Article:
New York — The Anti-Defamation League’s National Consumer Technology Industry divisio
Pasadena, Calif. — Television-program guides provider Gemstar-TV Guide International has requested a hearing in response to a proposed delisting notice from Nasdaq. The stock exchange took action because it said Gemstar had not complied with exchange rules by failing to file on time its Form 10-Q for the second quarter ending June 30, 2002. Gemstar requested the hearing on August 23, which will be held not less than 10 days, nor more than 30 days after the date of the request. In mid-August, Gemstar said it would delay quarterly reporting while it worked on restating financial results for the year ended 2001, checked accounting practices and considered a management restructuring proposal.
Delray Beach, Fla. — Hard hit by sluggish consumer spending, office products retailer Office Depot anticipates its third-quarter North American retail comp-store sales will be in the low single-digit negative range. The company reported slightly negative comp back-to-school sales halfway through the selling period, which is below original expectations. Total company-wide sales are expected to grow in the low- to mid-single-digit range for the third quarter. The retailer said that while sales remain soft, its gross margin improvement and cost control programs allow it to remain comfortable with its earnings outlook for the third quarter.
Madison, Wis. — Rayovac has signed an agreement to combine its battery business with the global battery business of Hannover, Germany-based Varta AG. The all-cash deal, valued at $262 million, is expected to close this fall. Rayovac will acquire all of the Varta consumer subsidiaries located outside of Germany and will become the majority owner in the new joint venture entity that will conduct all consumer battery operations within Germany. Varta's consumer battery division had sales of $398 million in fiscal 2001, with 86 percent derived in Europe and 14 percent in Latin America. The combined $1 billion company would derive 45 percent of its sales from North America, 37 percent from Europe and 18 percent from Latin America.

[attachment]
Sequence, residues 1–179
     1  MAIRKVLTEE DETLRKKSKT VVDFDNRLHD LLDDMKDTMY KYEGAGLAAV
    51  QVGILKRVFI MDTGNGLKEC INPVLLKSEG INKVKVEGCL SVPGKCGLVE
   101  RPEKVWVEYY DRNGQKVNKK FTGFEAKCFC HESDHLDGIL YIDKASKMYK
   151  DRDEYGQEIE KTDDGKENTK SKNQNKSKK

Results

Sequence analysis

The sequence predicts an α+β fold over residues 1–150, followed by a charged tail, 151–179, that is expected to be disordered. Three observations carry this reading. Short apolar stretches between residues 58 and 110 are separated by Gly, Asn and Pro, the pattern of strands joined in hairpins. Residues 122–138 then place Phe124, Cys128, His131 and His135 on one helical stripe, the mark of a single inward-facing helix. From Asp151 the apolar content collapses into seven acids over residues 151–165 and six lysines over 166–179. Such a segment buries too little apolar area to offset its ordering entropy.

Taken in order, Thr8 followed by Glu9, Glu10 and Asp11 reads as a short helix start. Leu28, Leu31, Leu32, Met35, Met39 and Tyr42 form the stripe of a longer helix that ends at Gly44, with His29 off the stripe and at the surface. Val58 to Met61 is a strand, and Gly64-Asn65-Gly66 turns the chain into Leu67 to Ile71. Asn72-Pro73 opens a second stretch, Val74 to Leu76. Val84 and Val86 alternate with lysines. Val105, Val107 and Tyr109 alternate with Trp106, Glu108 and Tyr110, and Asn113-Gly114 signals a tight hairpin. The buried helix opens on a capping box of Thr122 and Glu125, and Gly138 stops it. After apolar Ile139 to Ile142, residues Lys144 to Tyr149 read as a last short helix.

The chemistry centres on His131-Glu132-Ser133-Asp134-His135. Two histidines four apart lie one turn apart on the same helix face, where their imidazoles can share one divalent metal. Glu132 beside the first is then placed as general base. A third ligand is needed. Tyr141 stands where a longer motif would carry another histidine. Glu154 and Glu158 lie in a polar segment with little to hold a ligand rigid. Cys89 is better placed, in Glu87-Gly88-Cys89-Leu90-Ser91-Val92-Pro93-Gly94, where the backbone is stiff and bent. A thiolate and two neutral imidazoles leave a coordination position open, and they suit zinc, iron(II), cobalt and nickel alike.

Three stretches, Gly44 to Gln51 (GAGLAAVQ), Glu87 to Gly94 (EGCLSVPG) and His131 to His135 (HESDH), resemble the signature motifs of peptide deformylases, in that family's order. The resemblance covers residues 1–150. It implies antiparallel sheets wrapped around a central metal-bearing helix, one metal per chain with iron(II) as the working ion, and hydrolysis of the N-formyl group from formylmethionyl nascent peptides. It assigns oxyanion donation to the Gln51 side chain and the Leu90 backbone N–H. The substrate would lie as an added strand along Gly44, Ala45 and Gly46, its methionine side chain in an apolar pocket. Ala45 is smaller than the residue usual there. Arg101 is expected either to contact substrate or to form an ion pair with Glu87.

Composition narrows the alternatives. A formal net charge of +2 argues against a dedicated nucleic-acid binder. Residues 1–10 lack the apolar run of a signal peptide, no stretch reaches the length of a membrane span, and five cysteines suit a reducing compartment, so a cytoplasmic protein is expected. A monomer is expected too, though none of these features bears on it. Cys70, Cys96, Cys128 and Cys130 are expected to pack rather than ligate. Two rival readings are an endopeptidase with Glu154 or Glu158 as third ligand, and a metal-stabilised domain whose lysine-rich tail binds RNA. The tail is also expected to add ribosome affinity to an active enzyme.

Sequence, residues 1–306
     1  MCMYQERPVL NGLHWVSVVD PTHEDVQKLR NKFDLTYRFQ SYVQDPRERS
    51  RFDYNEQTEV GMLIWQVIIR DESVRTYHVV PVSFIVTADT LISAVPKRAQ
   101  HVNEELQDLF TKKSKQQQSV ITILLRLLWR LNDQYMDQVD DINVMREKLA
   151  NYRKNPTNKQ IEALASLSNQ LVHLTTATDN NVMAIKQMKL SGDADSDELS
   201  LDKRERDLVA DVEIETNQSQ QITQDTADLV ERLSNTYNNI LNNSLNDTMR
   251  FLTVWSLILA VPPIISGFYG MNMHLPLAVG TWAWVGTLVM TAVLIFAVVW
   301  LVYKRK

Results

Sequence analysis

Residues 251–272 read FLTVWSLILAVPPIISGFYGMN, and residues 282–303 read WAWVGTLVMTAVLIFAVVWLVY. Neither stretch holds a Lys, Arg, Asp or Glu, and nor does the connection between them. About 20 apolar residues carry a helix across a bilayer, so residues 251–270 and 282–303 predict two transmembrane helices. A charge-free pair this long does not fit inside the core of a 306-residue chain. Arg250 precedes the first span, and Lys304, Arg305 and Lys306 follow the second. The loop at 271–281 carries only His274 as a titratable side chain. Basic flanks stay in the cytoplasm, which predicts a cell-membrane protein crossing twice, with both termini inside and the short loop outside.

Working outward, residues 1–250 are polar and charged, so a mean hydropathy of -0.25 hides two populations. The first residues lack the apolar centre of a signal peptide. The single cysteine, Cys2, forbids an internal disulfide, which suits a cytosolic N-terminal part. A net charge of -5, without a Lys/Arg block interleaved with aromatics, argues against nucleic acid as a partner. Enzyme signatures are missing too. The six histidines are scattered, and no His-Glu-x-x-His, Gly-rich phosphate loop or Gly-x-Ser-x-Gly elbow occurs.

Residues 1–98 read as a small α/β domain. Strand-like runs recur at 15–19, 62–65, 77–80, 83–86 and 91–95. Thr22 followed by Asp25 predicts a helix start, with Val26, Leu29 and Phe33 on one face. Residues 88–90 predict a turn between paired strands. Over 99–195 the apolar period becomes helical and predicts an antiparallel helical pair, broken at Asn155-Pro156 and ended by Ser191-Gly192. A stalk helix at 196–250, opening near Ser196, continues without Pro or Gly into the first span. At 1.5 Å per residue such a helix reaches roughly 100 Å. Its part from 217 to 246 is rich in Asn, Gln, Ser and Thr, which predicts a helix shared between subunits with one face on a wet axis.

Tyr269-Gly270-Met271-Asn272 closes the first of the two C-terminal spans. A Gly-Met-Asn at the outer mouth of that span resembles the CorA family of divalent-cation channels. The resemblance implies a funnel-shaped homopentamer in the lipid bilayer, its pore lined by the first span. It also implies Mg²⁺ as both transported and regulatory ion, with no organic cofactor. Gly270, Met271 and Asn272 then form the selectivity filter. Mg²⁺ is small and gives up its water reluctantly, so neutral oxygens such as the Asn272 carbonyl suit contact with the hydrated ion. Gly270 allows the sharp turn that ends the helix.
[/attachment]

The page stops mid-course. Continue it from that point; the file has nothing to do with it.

Richmond, Va. — The Securities and Exchange Commission has declared effective the registration statement from CarMax, relating to the separation of the auto superstore business from CE retailer Circuit City. CarMax, presently a wholly owned subsidiary of Circuit City Stores, would become an independent, separately traded public company. Shareholders will vote on the proposal Sept. 10. If approved, separation is expected to become effective Oct. 1.
Philadelphia — Sam Antar, father of Crazy Eddie consumer electronics retail chain namesake Eddie Antar, has been ordered by the U.S. Third Circuit Court of Appeals to repay Crazy Eddie shareholders $15 million in illegal profit and $42.4 million in prejudgment interest. Sam Antar, along with Eddie, had created Crazy Eddie in the late 1960s, with the chain going public in 1984. Eddie Antar owned two thirds of the business and his father owned the rest. They were found guilty of artificially inflating company stock by a U.S. District Court, and it was ruled they would have to make good on unlawful profit and accrued interest. Eddie was sentenced to seven years in prison for insider trading, and since has returned about $63 million to shareholders.
This TWICE webinar, hosted by senior editor Alan Wolf, will take a look at what may be the hottest CE products at retail that will be sold during the all-important fourth quarter. Top technologies, market strategies and industry trends will be discussed with industry analysts and executives.